Feed the Future
This project is part of the U.S. Government's global hunger and food security initiative.

Women, Land, and Food: The Critical Nexus

This post was authored by Yuliya Neyman, a Land Governance and Legal Advisor in USAID's Land Tenure and Resource Management Office.

More than 400 million women around the world work as farmers. And yet, most of these women do not own the land they are farming. In fact, many do not even know that they are allowed to claim ownership over this invaluable asset. Women are estimated to comprise 43 percent of the agricultural labor force in developing countries, but own less than 10 percent of the land

Why would that be? For one, in more than half of all countries around the world, laws or customs hinder women’s ownership and access to land. In some countries, discrimination is written into the law; in others, strong and entrenched customs and norms prevent women from claiming ownership over land. The problem is exacerbated by a lack of knowledge about land law and land rights, particularly amongst women in developing countries, who are less likely than men to attend school and attain literacy. Even where land laws purport equality, discriminatory inheritance laws effectively prevent women from inheriting land. 

Why do we care? If the man in the family has secure ownership over the household’s land, shouldn’t that be enough to secure a steady income and provide for the children? As it turns out – no. 

Research has shown that when women manage household resources, including land, they are more likely to spend money on their children’s nutritional needs, education, and health. They are also more likely to engage in climate smart agriculture and to implement practices that increase the household’s resilience to climate shocks and climate change.  For example, in Nepal, children whose mothers own land were up to 33 percent less likely to be severely underweight. And in Rwanda, women with strong land rights were 19 percent more likely to engage in soil conservation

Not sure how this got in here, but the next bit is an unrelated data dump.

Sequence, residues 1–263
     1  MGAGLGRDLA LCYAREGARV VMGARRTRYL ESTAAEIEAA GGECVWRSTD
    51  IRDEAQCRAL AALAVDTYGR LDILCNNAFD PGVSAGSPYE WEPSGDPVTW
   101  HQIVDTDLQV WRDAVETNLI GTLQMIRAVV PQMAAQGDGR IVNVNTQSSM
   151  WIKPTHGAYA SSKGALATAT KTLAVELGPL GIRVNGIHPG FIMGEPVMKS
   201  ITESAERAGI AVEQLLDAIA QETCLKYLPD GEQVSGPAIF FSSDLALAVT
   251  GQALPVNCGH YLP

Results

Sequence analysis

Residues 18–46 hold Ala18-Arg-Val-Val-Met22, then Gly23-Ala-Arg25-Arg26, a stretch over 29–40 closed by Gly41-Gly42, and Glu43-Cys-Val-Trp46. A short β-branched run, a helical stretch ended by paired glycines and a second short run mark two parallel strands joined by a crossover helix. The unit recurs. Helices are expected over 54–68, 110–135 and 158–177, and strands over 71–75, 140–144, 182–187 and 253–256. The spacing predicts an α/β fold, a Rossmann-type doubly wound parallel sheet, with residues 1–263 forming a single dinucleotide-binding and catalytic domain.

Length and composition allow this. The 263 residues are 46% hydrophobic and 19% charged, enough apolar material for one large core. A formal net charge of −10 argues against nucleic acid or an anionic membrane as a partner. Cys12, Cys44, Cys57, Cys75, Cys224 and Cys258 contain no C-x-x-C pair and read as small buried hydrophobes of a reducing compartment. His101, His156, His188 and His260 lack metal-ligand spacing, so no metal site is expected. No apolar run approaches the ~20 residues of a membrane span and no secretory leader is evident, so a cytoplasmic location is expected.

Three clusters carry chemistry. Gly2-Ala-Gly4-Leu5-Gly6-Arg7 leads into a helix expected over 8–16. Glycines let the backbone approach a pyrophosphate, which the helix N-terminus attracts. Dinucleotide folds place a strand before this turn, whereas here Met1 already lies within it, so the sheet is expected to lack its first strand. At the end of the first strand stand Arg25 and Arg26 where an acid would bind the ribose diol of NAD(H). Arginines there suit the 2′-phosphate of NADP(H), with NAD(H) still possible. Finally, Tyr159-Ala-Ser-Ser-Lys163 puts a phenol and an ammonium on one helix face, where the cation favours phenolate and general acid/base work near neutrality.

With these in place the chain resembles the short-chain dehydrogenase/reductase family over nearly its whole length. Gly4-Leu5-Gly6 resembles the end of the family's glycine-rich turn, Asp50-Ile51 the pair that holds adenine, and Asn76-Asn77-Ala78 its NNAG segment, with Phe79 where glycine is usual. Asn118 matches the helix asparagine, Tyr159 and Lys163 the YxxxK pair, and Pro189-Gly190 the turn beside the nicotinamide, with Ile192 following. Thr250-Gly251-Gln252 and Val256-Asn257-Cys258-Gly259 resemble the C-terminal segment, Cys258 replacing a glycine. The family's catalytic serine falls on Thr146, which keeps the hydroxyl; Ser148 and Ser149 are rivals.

As it stands, the sorry state of women’s land ownership  – often in countries in which land is their source of livelihood – means they can’t earn income, can’t reap the benefits of foreign investment in agricultural land, can’t independently secure the future of their children, and can’t establish the financial independence necessary to leave abusive partners. USAID is working to change that through a range of programs that run the gamut from policy change and education initiatives to mapping women’s land and presenting them with formal or statutory ownership documents.  

Where are we working? In Tanzania, USAID’s MAST program is helping map women’s land rights in three villages. In the first village, women went from being unaware that they could even own land, to registering their land en masse: 30 percent of the plots in the village were registered to women alone, 40 percent were jointly registered between women and men; and 30 percent were registered to men alone. In the Kenya Justice Program, male elders were educated on the importance of women’s land rights. The result: not only did women’s access to and ownership of land increase, but so did their overall empowerment. A year after the project ended, 22 women were elected as elders, and now lead the community and resulting local disputes alongside male elders.

Learn more about how USAID is promoting women’s land rights by visiting www.usaidlandtenure.net. And, don't forget to read this post on the impact evaluations USAID is carrying out on land tenure programs.